2. We’re communicating regularly to our congregation via our Facebook group, and looking at how to communicate to those not on Facebook.
  3. We’ve asked those who are sick or symptomatic, or potentially exposed, to self isolate, and to let us know so that we can care for them.
  4. We recognise that meeting together is vital for the Christian life, and loneliness is deadly, and social isolation has the potential to undermine our spiritual and emotional well being, so are working at solutions (in line with the Crouch article, and this useful document he linked). Our small groups, meeting in homes where some of the tips in that document will be easier to manage, will be part of continuity of community and care during this time. Even those groups can embrace technology — various members of our Growth Group have face timed in for weeks where they couldn’t make it already this year.
  5. We’ve been preaching through Luke’s Gospel, and today were reminded, as Peter denied Jesus, of Jesus’ call for his disciples to take up their cross and follow him. We broke up into small groups to talk about what this might look like during the pandemic. It’s interesting that the quote from the journal article above uses the phrase ‘faithful presence’ — this is common language for us as a church, the idea that this is our calling, along with the idea of a faithful presence being a non-anxious presence because our hope is secure.
  6. Meals together have been a feature of our gatherings since the beginning. We’re not catering for post-service community lunches during the pandemic, but are instead encouraging people to eat at nearby restaurants (or go home) to avoid handling food/cross contamination.
  7. We are providing soap and sanitiser on site for people to wash their hands as they arrive. Ideally, we’d be wiping down surfaces and equipment before and after use (we are doing that for our bits and pieces, but there’s uncertainty about which groups that use our facilities use what).
  8. We’re encouraging parents to make decisions about how to approach church with kids; whether they sit in family groups practicing some reasonable social distancing in our facility, or sending them to kids church and managing hand washing. Again, we want to make it as easy as possible for people to opt out to flatten the curve, while still belonging to and participating in our community.
  9. Today we ran our first ‘online’ service using Zoom. We’ve got access to a paid account, but like Zoom because should we move to totally online services we want multiple people to be able to contribute to the service. I sticky taped my phone to a mic stand. It worked.
  10. Presbyterians aren’t typically ‘every week’ communion/Lord’s Supper types here in Australia, but we’re changing our practices to minimise handling of the bread by those preparing it, and we don’t share a common cup (we have little cups of grape juice).
  11. On the home front, we’ve been doing some careful preparations, putting together a dry food supply that will last us through a period of isolation, but that will also allow us to meet the needs of others. We’ve started freezing meals in containers labelled with their ingredients (to manage intolerances) so that we can share these with those in need.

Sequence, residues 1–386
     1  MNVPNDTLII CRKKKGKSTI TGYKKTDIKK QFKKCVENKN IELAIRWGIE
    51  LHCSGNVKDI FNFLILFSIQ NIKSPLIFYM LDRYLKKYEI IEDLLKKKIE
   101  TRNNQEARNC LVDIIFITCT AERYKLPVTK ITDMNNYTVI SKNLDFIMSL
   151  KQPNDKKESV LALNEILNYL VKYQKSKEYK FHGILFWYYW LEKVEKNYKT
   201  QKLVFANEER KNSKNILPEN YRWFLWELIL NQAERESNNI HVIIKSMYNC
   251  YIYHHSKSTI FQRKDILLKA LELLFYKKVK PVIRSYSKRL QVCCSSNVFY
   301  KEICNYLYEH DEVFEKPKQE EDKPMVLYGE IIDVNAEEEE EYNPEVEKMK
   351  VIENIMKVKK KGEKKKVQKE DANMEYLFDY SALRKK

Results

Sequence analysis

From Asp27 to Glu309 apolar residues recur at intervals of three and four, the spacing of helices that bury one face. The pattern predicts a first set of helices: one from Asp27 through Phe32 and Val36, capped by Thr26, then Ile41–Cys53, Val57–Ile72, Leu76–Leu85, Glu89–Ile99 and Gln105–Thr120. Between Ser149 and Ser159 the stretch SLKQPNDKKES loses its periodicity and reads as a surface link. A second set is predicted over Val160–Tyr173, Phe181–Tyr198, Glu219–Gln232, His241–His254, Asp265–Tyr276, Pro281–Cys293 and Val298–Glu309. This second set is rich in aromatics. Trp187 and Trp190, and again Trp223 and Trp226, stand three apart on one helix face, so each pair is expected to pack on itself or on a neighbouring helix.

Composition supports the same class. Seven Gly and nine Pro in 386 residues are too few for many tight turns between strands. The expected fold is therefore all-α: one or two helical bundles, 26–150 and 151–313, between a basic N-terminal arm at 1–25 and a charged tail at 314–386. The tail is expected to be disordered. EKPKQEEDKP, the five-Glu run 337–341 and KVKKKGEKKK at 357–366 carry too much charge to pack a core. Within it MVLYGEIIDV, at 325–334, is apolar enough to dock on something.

12. Our street already has a thriving Facebook group, but people in our church liked the idea so I’ve knocked up this postcard template (pictured below) they can print off using a photo printing service (or their printer) to drop in to neighbour’s letterboxes. Feel free to shameless steal it. The text is (for those who might want to easily adapt/print using word:

    Hi neighbour,
    As we enter a pandemic where lots of us are predicted to catch Corona Virus, our church has encouraged us to love our neighbours and to find ways to care for those who are sick or isolated.
    We thought a Facebook Group for our street would be a good way for us to stay in touch with each other and offer support during these times (and grow our connection beyond this crisis). We have set up this group, you should be able to search for this name ______________.
    If you can’t find it with the search, please add me as a friend and I’ll invite you to the group. My name is _________. My profile picture looks like _____________. You can contact me by ______________. Our church is hoping to help with groceries or practical needs as they come up. Please let me know if we can help you.


  13. There’ll be an economic impact of Corona Virus as well as a health one; people in church congregations will be facing uncertain employment situations or losing their jobs, in a bad economic climate. We need to risk manage that as churches with our own budgets, but also want to be in a position to be caring for those affected. This is tricky, but it’s something I’ve flagged with our management team and the crisis management group to be part of our conversation. Another church I follow online mentioned maintaining giving during lockdowns as a good way to care for church staff, and to sustain the church’s ability to serve the community. I thought they did this well.

Over to you — hit us up in the comments on this post, or discussion on Facebook, to let us know what your church is doing, or things we’ve missed.

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Talking to your kids about Corona Virus (as Christians)

We had ‘that talk’ with our kids this morning; and it turns out they’d already been talking about this a bit at school, and knew things already. Which is always awkward for parents…